Great question. +1. Whatever the significance, what we can be sure of is that Jesus' choice of characters here would have been outrageously offensive to His Jewish audience!
Dec
20
comment 2 Cor 5:20: “be reconciled to God” translation
@Susan Thanks for the feedback. I was thinking of translations from the Greek in those two cases. I'll update with more biblical examples when I get time.
Dec
19
comment Could Deut. 30:11-14 be a forward-looking prophecy?
Ok, DV removed. I'd still like to see the Hebrew with an explanation of why you say it is in the "imperative tense". I'd also love it if you could cite a source in support of your claim that it is sometimes argued that it should be read as future-oriented. (I would be interested in following up with that source.)
Dec
19
comment Could Deut. 30:11-14 be a forward-looking prophecy?
That sounds like the start of an excellent answer. Can you edit your post to explain that line of argument more clearly? (I wasn't even aware it was in the "imperative tense" in the Hebrew.)
Dec
19
comment Why did 400,000 men of the Tribes of Israel assemble over one rape in Judges 19:20-30 and Judges 20?
Oh, and welcome to the site! I hope you continue to contribute here!
Dec
19
comment Why did 400,000 men of the Tribes of Israel assemble over one rape in Judges 19:20-30 and Judges 20?
Great answer. +1. The only thing I might add (or emphasize more) here is that this Israeli city had become just like Sodom, which stood as an example to all Israel of ultimate depravity deserving ultimate judgment. This was not only a cause of great outrage, but also was a cause for great fear!
Dec
19
comment Could Deut. 30:11-14 be a forward-looking prophecy?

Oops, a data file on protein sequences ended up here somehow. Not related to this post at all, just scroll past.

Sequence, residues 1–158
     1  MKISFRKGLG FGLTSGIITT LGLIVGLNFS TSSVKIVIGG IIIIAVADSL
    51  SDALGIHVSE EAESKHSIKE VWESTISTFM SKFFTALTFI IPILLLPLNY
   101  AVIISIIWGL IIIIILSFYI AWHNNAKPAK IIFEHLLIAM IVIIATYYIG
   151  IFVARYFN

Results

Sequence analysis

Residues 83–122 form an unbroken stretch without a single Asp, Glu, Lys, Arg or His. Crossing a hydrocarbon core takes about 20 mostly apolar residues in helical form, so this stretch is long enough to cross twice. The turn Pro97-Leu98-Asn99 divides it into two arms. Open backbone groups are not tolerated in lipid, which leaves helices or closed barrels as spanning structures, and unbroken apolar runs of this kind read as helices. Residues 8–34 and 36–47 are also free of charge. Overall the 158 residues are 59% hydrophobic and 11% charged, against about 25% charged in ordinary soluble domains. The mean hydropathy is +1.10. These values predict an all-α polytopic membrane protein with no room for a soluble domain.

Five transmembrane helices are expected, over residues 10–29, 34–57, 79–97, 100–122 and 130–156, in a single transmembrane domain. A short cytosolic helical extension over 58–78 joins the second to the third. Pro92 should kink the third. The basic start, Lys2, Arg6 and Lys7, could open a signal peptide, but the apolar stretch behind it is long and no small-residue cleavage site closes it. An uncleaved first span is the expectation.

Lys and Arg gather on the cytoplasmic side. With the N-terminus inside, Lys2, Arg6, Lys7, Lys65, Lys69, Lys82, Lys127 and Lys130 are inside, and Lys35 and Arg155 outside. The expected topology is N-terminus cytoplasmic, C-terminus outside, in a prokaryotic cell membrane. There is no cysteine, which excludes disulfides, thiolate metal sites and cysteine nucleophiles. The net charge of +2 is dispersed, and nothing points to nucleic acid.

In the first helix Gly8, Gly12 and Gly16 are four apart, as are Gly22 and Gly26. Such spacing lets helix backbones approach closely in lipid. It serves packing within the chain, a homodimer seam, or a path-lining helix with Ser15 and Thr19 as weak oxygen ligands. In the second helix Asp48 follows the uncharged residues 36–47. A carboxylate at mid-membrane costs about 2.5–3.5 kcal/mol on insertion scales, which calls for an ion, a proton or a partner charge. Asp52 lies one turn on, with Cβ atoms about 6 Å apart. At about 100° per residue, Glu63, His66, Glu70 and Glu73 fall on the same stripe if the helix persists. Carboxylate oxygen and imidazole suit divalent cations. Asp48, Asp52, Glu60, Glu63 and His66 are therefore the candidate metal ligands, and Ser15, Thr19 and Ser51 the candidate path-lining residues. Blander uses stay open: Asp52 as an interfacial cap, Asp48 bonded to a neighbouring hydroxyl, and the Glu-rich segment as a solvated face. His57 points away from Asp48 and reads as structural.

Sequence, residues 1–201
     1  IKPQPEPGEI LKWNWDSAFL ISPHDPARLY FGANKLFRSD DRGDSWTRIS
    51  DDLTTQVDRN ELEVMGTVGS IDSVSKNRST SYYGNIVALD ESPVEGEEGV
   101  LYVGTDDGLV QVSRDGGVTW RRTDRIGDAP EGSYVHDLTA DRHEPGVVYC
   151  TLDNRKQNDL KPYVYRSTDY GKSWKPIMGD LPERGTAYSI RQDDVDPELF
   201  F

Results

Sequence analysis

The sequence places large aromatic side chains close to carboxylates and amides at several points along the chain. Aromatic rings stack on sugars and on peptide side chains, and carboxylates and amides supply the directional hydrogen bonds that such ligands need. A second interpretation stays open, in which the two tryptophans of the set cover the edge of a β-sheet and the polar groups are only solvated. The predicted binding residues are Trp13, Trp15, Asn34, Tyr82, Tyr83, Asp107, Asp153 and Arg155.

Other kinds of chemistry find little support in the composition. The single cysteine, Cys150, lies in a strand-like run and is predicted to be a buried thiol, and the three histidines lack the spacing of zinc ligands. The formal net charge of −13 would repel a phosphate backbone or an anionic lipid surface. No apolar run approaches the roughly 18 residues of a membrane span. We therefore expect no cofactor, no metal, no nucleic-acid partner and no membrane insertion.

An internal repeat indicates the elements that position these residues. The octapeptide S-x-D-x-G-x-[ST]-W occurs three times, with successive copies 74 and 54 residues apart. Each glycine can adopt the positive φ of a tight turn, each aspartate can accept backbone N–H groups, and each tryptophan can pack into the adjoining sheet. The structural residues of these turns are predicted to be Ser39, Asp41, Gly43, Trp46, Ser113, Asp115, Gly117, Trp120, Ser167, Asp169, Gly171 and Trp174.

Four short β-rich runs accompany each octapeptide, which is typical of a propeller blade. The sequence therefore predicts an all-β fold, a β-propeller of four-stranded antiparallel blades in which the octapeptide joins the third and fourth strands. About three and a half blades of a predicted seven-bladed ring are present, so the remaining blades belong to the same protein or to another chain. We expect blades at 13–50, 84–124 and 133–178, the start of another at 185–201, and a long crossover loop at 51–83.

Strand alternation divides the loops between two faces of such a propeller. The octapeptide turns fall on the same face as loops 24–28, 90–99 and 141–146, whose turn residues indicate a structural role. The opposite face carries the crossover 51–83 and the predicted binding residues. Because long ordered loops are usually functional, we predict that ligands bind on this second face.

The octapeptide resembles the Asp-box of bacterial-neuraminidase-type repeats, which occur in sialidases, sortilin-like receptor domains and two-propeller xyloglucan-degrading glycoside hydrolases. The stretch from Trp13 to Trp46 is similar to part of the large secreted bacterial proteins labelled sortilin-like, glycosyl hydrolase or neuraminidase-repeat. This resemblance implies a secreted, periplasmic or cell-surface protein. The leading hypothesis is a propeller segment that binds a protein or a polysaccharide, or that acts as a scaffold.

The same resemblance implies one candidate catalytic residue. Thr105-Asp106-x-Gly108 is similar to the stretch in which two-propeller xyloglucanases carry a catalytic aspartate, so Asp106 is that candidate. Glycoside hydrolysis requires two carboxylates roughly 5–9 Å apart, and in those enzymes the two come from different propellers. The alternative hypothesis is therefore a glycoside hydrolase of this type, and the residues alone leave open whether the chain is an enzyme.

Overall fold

I edited the question to emphasize the contextual clues and make Paul's use if it more secondary.
Dec
19
comment “he will rule over you” — good, bad, or neutral?
Interesting. Thanks. Can you comment on the other views?
Dec
19
comment Was the Prodigal Son truly repentant?
@Wikis Understood. I only mention it because one of the alleged evidences appeared to be that the father seemed to be correcting the son by cutting him off. I wanted to show that this is also unlikely, and thus, not a good support for the theory.
Dec
19
comment Who was “speaking in David”?
:-) Thanks Scott. +1. FWIW "God as Spirit" sounds modalistic to my ears. Could you clarify your uses of "God" throughout the post so I can tell where you mean the Person of the Father (a "He") and where you mean the Godhead (not a " He")?
Dec
18
comment Was Aaron the High Priest also a Messiah or Savior?
I think this is a good question. The key OT background would be the anointing of the king (Saul, David), which was associated with the provision of the Spirit. This became the expectation for the future "Messiah".
Dec
18
comment Could Deut. 30:11-14 be a forward-looking prophecy?
That's fine, but why do you say it seems to be in the present tense? And why would such a shift to future tense not make it a prophecy. This is what I'm looking for help on. Explain the Hebrew grammar and syntax which leads to this conclusion.